NASHVILLE (BP) — This weekly Bible study appears in Baptist Press in a partnership with LifeWay Christian Resources of the Southern Baptist Convention. Through its Leadership and Adult Publishing team, LifeWay publishes Sunday School curricula and additional resources for all age groups.
This week’s Bible study is adapted from the YOU curriculum.
Bible Passages: James 2:15-17, 20; 3:6-9, 13, 17
Discussion Questions: How do you demonstrate “wisdom’s gentleness” (James 3:17) as you encounter controversial issues of today? How have you seen words destroy the peace of a community? How can you use your words to cultivate peace in your community?
Food for Thought:
James moved from dealing with the sin of showing favoritism, to the relationship between faith and works. When we talk about “works” in the Bible, we have to make sure we are talking about them on the correct side of salvation. People cannot earn their way and be accepted in heaven by doing good works. In 2:14-17, James declared faith without works is not saving faith, such as that of a person who talks about helping others but takes no steps to meet their needs. In today’s lesson our attention turns to the way our faith is expressed with wisdom through our good works and our words.
James 2:14 sets the stage. In this verse James asks, “What good is it, my brothers, if someone says He has faith, but does not have works? Can his faith save him?” No disappointment could be greater than reaching the end of your life and standing before Jesus for judgment, only to find out that your so-called faith is not real and is not able to save you (James 2:20). His point is simple, but extremely important. Faith without works is dead. We can say, “I believe in Jesus” all we want. However, if our actions do not prove that our hearts have been changed, then our faith is actually worthless. It is dead. It is really not faith at all.
James returned to the subject of teachers in 3:13 and 17. He points out that a teacher should exhibit “wisdom’s gentleness.” The Greek word for gentleness conveys the idea of harnessed, disciplined strength. It can describe someone who is teachable. In verse 17, James turned to a description of genuine wisdom whose source is God. As we remember Martin Luther King Jr., we continue to marvel at his display of wisdom’s gentleness. Could anything other than a commitment to nonviolence have won over the hearts of a country at large? His “gentleness” was no indication of weakness. His was a dogged determination, unflappable in the face of the most intense hatred and persecution. He made the determined choice to remain humble and gentle, even when facing great opposition. Would you do the same?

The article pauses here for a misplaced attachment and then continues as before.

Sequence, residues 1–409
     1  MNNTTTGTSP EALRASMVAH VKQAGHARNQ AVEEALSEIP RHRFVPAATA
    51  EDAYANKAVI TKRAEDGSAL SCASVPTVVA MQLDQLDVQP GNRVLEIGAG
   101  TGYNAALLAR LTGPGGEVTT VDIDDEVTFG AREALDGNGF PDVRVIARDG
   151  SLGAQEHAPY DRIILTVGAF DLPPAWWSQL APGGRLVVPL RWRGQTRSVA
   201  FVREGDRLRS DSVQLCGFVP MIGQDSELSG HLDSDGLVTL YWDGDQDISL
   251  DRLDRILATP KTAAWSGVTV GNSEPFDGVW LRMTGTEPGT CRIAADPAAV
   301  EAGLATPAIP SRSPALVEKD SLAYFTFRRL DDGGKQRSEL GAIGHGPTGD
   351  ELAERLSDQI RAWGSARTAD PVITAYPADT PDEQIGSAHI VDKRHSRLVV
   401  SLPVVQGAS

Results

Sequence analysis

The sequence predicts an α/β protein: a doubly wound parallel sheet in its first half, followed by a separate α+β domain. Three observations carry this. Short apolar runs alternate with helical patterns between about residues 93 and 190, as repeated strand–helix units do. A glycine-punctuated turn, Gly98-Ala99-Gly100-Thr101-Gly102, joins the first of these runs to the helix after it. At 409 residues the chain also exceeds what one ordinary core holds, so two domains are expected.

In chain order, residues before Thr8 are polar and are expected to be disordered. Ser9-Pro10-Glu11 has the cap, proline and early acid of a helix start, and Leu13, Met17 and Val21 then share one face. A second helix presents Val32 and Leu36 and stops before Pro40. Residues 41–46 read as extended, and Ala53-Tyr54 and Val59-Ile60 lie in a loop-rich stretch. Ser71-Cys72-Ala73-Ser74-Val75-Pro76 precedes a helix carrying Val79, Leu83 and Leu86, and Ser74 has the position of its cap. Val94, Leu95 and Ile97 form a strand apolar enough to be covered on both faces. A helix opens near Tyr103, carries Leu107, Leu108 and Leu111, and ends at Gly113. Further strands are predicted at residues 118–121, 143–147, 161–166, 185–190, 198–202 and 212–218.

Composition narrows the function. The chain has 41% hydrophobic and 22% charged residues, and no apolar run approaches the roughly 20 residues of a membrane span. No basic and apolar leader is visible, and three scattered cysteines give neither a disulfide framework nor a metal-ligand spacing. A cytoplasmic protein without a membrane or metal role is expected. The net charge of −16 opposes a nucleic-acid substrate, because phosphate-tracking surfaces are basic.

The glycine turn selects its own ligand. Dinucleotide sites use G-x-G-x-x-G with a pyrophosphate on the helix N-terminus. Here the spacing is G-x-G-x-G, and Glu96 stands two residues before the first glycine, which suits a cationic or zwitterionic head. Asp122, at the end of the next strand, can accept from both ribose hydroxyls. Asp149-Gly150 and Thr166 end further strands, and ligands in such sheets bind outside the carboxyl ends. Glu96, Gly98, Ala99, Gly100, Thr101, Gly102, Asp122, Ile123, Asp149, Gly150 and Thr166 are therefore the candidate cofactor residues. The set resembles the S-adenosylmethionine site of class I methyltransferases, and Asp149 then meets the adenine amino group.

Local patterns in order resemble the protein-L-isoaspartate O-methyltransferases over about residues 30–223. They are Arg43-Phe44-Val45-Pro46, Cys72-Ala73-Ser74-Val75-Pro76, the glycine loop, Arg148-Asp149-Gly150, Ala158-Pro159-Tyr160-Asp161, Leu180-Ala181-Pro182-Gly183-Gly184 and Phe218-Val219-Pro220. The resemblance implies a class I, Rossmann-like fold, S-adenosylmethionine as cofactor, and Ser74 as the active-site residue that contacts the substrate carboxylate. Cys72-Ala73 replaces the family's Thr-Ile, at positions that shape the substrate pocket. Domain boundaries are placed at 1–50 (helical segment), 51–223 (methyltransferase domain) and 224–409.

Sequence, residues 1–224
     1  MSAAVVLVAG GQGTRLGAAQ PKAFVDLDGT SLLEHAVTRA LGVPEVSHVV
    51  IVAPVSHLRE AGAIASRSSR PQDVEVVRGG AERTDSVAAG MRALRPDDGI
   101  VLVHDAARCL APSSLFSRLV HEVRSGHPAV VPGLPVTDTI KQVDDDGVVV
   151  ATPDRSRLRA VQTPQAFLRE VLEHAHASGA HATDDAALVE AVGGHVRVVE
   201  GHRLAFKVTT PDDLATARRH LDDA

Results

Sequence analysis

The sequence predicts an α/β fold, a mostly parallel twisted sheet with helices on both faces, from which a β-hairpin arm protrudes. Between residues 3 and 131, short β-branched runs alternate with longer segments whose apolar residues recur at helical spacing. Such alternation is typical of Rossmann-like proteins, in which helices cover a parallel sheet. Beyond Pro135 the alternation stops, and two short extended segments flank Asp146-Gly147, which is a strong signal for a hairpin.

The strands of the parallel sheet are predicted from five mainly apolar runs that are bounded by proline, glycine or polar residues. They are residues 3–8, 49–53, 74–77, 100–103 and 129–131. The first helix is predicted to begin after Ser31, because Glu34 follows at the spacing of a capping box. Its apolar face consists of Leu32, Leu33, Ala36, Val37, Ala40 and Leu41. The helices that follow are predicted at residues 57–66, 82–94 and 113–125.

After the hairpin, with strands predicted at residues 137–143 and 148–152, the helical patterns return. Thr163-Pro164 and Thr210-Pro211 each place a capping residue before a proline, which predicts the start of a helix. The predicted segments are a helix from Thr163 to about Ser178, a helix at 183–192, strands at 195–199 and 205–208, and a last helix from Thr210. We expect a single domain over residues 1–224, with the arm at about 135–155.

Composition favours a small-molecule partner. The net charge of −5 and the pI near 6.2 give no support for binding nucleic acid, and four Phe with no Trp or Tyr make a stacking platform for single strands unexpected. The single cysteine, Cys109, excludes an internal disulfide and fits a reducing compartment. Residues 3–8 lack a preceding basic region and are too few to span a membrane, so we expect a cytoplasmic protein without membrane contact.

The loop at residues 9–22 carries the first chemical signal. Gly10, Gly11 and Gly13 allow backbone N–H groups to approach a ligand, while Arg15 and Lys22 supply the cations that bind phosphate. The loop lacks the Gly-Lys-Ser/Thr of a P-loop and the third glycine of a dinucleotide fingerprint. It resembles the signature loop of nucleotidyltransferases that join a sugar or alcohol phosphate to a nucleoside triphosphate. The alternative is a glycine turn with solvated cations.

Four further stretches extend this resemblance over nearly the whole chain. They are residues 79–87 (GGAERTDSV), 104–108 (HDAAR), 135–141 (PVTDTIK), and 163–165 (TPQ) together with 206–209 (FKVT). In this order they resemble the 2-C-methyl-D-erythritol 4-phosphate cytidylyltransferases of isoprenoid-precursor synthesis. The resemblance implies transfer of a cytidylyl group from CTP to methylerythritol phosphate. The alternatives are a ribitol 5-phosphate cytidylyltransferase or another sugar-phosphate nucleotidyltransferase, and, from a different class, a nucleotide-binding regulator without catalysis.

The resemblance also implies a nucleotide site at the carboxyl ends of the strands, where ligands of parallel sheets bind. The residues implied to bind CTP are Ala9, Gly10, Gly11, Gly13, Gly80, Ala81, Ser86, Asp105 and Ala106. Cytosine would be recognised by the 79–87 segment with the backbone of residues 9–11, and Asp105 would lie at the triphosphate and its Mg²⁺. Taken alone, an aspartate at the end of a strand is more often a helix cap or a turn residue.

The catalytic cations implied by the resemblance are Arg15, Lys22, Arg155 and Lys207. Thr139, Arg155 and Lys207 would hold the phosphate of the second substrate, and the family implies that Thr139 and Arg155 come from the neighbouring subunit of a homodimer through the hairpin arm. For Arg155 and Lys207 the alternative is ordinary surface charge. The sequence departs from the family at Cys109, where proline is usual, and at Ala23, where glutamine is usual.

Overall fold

The following seven qualities flow from wisdom’s essential purity: loving peace; being gentle, compliant, and full of mercy; bearing good fruits; showing no favoritism, and being without hypocrisy. Cultivating peace in our communities will always begin in the hearts of individual Christians. Having placed our faith in Jesus Christ, we are to allow His love and character to permeate our works, our words and our wisdom. We must not stand on the sidelines and wait for others to fix the issues we can so plainly see. We also must go out into our communities filled with the Holy Spirit and guided by God’s Word. Then, and only then, can we do the work God has called each of us to do.
Intentionally focused on urban and multicultural believers, YOU is biblically based with culturally relevant and affirming lessons to help people connect, grow, serve, and ultimately be engaged in impacting the world for Christ. This flexible, non-dated all-in-one quarterly resource offers weekly Bible study for leaders and learners, devotionals, and teaching plans, as well as articles on hot topics and missions. For additional online teaching resources, visit LifeWay.com/YOU.
Other ongoing Bible study options for all ages offered by LifeWay can be found at LifeWay.com/SundaySchool.